KARACHI: To celebrate 40 years of shaping young minds and to give a view of the creative and innovative teaching methods to parents, Beaconhouse School System (BSS) southern region organised the Beaconhouse Early Years Festival, 2015.
The festival merged all the campuses under one roof to introduce parents to the technology used in the classrooms. Various options for early childhood education offered by Beaconhouse were showcased at the event. A separate section for arts and crafts was set up in the middle of the hall, which included paintings, colouring and pasting, while the teachers were helping the children with their projects.
To involve students, the festival also included a gaming zone outside the hall, which was one of the most crowded areas and included a jumping castle and rides for kids. "It looks like our school but a bigger one," said an excited student who was enjoying a motorbike ride with his brother.
To encourage the children to learn while enjoying the festival, BSS also set up many games, which stimulate the students' motor skills. Each stall had at least two teachers to help students complete their tasks such as matching, measuring and puzzle making.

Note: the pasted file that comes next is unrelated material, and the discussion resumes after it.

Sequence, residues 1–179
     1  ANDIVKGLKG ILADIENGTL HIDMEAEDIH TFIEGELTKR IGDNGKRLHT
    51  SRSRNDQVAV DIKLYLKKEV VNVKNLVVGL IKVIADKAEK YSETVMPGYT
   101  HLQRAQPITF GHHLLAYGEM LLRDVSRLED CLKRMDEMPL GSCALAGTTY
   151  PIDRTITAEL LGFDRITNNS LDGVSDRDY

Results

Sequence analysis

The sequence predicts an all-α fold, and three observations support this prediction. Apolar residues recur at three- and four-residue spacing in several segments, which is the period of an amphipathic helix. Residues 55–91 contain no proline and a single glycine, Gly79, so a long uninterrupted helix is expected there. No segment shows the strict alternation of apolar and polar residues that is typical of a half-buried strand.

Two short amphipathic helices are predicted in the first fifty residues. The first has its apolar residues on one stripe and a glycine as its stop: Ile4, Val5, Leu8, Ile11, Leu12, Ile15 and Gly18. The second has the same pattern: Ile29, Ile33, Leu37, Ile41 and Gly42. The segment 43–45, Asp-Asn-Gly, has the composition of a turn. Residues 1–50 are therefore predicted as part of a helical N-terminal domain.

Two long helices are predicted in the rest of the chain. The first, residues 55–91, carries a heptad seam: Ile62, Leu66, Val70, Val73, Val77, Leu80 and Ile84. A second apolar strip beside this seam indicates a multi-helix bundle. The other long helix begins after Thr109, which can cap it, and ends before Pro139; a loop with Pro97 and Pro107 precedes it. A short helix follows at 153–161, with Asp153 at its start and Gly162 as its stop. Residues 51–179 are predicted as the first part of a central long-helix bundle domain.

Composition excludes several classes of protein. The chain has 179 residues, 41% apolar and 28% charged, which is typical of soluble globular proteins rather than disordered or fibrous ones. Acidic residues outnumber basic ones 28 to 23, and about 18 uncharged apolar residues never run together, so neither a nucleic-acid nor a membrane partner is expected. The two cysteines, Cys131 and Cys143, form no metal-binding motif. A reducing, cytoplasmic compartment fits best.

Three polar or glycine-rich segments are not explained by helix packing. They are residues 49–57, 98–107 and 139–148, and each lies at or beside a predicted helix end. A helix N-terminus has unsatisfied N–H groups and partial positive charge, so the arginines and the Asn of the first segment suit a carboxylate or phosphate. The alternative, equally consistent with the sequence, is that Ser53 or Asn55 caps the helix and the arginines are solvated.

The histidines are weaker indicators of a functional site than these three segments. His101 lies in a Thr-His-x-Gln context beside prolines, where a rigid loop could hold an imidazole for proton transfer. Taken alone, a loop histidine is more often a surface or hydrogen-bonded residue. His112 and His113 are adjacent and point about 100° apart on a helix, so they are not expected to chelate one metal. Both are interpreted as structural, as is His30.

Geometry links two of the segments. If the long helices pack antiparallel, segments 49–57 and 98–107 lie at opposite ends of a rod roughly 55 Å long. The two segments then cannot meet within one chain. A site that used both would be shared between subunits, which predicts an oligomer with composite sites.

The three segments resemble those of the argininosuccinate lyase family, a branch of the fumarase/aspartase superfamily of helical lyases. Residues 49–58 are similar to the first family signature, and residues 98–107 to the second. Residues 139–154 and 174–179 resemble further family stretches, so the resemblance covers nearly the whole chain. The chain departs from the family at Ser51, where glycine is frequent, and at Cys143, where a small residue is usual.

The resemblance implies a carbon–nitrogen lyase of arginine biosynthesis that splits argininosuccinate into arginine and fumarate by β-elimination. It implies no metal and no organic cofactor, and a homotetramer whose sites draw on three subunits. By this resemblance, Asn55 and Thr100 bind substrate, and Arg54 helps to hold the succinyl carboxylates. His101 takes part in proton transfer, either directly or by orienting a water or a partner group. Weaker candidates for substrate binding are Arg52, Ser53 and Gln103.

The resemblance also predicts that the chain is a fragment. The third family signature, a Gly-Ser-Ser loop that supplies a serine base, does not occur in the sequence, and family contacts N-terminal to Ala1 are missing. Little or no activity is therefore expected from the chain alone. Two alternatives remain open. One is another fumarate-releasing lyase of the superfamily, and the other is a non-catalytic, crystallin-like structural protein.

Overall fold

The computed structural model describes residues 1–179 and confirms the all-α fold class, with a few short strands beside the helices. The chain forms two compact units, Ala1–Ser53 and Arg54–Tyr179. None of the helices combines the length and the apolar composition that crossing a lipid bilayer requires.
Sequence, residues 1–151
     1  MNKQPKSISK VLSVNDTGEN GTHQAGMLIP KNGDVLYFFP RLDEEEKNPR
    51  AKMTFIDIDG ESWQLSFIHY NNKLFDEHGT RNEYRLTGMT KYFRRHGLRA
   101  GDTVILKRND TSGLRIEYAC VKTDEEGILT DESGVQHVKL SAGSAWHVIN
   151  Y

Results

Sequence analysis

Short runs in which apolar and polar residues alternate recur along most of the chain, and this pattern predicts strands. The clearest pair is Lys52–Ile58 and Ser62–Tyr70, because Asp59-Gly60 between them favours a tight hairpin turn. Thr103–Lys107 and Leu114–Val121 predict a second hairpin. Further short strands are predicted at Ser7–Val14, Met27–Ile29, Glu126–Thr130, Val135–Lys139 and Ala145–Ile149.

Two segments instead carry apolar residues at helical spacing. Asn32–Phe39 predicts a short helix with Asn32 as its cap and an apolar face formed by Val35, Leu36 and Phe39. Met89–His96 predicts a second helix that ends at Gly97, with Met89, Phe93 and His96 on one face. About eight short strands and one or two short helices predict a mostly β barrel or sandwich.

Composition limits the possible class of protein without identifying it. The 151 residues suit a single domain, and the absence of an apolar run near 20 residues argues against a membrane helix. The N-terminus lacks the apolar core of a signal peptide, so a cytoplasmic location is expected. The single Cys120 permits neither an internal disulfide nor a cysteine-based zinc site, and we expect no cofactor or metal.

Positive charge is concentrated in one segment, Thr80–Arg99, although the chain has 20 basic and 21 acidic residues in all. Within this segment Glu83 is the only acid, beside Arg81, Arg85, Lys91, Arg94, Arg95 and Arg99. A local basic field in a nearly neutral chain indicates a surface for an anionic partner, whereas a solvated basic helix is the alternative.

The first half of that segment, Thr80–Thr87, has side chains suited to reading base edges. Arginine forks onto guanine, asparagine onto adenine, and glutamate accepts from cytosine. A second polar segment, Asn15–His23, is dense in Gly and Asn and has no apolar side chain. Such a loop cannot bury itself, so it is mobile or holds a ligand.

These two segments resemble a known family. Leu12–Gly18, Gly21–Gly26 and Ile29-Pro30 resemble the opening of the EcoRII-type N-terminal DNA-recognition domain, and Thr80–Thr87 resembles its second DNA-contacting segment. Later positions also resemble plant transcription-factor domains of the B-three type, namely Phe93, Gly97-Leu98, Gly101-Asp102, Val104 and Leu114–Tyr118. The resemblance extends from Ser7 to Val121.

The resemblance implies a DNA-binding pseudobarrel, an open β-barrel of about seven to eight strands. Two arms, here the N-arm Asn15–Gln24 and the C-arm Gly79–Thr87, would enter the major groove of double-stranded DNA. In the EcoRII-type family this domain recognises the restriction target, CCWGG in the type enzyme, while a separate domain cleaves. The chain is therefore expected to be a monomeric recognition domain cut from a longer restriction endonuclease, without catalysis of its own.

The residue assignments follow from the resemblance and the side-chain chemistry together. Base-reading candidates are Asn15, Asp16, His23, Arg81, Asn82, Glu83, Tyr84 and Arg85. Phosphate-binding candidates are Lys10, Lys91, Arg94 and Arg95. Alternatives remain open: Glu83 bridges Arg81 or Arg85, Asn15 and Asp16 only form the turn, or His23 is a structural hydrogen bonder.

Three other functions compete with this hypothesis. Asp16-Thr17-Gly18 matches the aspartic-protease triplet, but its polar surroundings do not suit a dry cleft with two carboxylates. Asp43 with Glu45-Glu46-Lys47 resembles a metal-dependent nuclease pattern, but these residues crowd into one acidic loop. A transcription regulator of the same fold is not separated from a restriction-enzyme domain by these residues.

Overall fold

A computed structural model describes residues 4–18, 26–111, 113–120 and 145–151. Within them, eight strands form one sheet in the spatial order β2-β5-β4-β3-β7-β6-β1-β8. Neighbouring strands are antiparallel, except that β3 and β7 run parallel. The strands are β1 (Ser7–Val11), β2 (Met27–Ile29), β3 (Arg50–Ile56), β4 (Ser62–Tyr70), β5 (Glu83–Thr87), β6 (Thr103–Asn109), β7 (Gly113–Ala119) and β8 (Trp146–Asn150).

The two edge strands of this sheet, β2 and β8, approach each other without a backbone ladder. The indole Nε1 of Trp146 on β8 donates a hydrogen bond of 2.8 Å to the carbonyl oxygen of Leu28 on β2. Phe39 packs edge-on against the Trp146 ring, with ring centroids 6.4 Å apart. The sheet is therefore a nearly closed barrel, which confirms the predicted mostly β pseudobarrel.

"The main age group which we are considering today is from two to five years of age because we mainly focus on learning through technology at an early age," said a teacher who was helping a four-year-old measure using a tablet computer.
The festival's main attraction was a group of ten students, aged between four and six years, standing in a row, wearing maroon coloured sashes and singing 'we welcome you all' in unison. "These students are from the Gulshan-e-Iqbal Kindergarten-Three branch and have only practiced for ten days before performing today to welcome everyone," said the music teacher, Fawwad Rizvi.
"The event garnered an overwhelming response from the parents of Karachi and Hyderabad," said Beaconhouse regional director south, Asim Yakub. He said that the BSS was looking forward to hosting similar events in other regions as well.
Speaking about their future plans, Yaqub said that they will change the playing field by introducing more technology in classrooms to educate students in a better way. "Today, more than 0.2 million students are in the loop of BSS and, in this era, children don't learn from books but from technology," he explained. "We want our students to be digitally literate, creative, innovative, analytically ethical and resolute," claimed Yaqub.
Published in The Express Tribune, August 9th, 2015.
Comments are moderated and generally will be posted if they are on-topic and not abusive.
For more information, please see our Comments FAQ